Quote of the day

This, from an introduction to John Steinbeck’s “Of Mice and Men,” written by Susan Shillinglaw. Shillinglaw pulled it from Steinbeck’s 1938 journal entry:

“In every bit of honest writing in the world there is a base theme. Try to understand men, if you understand each other you will be kind to each other. Knowing a man well never leads to hate and nearly always leads to love. There are shorter means, many of them. There is writing promoting social change, writing punishing injustice, writing in celebration of heroism, but always that base theme. Try to understand each other.”

“Steinbeck’s greatness as a writer lies in his empathy for common people — their loneliness, joy, anger, and strength, their connection to places and their craving for land,” Shillinglaw writes following the Steinbeck quote.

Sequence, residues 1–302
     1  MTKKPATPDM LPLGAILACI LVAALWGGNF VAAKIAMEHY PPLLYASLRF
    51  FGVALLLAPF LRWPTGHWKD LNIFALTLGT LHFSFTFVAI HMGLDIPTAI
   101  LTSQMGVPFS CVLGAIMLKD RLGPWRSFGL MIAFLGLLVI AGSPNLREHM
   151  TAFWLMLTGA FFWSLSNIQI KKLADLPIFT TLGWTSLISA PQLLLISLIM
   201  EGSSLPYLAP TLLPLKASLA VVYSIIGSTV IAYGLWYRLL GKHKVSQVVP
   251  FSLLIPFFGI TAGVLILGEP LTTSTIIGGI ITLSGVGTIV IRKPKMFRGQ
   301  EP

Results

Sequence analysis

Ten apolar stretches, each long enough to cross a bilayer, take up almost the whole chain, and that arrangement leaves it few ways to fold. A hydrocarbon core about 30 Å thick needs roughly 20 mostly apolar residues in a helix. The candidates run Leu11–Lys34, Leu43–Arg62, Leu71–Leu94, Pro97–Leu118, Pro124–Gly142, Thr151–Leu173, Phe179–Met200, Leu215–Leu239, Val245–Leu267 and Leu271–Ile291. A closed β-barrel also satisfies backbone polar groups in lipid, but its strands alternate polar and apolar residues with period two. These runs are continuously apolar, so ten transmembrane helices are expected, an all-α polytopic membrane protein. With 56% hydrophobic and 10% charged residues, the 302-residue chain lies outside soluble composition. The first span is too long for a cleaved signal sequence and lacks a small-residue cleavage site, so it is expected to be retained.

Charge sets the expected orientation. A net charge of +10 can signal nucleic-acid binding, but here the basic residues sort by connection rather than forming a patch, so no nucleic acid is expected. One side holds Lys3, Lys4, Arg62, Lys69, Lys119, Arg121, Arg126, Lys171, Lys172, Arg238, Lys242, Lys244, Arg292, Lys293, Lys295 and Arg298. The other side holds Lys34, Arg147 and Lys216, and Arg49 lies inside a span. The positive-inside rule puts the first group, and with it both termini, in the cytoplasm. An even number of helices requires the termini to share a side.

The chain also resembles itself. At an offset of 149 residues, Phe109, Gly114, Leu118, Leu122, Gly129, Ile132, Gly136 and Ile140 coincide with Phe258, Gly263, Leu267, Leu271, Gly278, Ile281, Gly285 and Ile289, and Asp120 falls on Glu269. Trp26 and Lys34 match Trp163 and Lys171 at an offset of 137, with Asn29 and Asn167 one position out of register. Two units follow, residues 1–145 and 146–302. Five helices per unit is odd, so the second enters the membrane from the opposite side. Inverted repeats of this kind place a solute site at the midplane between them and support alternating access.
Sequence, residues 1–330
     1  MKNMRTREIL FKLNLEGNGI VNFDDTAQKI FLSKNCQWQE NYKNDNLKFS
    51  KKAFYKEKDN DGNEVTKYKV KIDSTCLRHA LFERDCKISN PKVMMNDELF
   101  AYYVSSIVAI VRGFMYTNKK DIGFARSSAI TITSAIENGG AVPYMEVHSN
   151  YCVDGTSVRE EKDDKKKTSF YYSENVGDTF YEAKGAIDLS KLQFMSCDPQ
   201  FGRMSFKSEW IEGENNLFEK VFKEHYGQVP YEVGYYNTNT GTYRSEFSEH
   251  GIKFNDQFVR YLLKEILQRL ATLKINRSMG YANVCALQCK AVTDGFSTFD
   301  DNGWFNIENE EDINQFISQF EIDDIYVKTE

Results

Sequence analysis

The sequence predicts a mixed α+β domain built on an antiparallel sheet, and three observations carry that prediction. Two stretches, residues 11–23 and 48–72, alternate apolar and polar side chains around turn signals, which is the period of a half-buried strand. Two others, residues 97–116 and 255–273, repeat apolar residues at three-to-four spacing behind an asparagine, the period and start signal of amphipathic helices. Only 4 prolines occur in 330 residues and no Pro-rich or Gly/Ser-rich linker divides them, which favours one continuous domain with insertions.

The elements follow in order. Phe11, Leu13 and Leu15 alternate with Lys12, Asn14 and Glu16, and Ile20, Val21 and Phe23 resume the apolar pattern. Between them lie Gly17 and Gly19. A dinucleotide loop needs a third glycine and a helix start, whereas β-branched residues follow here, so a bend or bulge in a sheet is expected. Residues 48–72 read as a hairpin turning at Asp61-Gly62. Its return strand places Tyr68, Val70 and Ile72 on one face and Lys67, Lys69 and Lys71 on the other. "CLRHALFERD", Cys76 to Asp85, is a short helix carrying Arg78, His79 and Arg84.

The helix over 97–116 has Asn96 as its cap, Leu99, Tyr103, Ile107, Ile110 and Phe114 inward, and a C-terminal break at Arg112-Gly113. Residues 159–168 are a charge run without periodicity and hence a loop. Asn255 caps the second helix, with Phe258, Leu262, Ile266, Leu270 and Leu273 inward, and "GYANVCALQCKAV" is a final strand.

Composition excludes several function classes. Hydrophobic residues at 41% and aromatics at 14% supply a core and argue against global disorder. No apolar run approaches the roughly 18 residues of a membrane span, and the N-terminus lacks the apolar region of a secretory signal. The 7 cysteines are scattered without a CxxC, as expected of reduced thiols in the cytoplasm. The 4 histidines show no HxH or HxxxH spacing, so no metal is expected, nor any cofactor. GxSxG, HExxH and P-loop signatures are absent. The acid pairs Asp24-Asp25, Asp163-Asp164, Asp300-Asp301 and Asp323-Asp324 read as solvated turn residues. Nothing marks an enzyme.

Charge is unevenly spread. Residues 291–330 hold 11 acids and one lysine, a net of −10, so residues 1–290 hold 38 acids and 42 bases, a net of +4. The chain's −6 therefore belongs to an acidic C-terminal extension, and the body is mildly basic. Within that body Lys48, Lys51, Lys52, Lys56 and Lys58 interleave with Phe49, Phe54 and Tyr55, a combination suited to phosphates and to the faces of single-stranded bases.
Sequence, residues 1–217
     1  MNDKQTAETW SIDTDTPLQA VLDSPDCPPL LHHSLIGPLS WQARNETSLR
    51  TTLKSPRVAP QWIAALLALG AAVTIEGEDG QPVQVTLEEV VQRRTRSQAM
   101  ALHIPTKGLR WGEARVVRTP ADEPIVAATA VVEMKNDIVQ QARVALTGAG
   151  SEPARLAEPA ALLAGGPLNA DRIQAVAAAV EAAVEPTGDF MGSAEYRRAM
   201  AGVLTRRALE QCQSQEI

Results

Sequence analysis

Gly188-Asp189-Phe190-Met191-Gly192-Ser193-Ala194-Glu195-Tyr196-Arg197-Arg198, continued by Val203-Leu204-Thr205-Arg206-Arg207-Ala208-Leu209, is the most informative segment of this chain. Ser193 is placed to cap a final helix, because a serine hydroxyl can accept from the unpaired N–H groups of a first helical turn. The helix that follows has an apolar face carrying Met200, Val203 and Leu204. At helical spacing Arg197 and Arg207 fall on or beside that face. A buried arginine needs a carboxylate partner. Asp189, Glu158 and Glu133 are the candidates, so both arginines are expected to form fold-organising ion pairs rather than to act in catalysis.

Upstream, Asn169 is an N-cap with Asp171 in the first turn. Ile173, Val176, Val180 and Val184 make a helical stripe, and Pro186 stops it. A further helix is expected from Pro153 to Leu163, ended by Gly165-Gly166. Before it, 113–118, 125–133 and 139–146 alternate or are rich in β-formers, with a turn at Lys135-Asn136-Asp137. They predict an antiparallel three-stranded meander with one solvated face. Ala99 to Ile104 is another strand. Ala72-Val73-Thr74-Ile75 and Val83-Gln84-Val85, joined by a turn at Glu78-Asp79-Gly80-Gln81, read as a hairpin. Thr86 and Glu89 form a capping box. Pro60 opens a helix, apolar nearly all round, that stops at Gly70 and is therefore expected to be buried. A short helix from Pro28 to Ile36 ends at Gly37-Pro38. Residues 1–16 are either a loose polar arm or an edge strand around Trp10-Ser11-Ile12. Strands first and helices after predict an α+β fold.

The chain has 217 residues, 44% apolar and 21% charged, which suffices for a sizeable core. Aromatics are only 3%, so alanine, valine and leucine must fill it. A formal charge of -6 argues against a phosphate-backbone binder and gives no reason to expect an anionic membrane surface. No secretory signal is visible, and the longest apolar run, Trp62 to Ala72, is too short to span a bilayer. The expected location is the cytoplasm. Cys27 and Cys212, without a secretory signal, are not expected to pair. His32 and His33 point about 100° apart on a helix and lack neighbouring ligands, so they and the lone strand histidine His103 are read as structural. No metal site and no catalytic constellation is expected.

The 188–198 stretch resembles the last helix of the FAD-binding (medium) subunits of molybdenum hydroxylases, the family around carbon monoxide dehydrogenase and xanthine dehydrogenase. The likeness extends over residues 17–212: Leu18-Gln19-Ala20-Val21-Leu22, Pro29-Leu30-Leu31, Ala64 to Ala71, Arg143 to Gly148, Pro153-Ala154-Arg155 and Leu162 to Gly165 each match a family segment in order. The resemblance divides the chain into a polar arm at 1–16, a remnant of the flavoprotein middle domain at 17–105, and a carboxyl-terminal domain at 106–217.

That’s what I love about Steinbeck, besides his crisp and imaginative writing: He treats readers like friends and sets out to show a story, often a story about people who would otherwise be marginalized and their plight condensed into convenient vignettes that serve powerful people and the structure that keeps power put.

But to understand. That, to me, is what writing, reporting and journalism is all about. Sometimes it’s fun. Sometimes funny. Sometimes heartbreaking and sometimes anger inducing. But at its heart, if the writer is brave enough, it’s about understanding. And that’s hell for the zero sum set, who don’t want to — or perhaps can’t — access an empathic and understanding chord. And it did nothing to help Steinbeck’s popularity among the comfortable and powerful set during his time.

Just a random thought and quote of the day.



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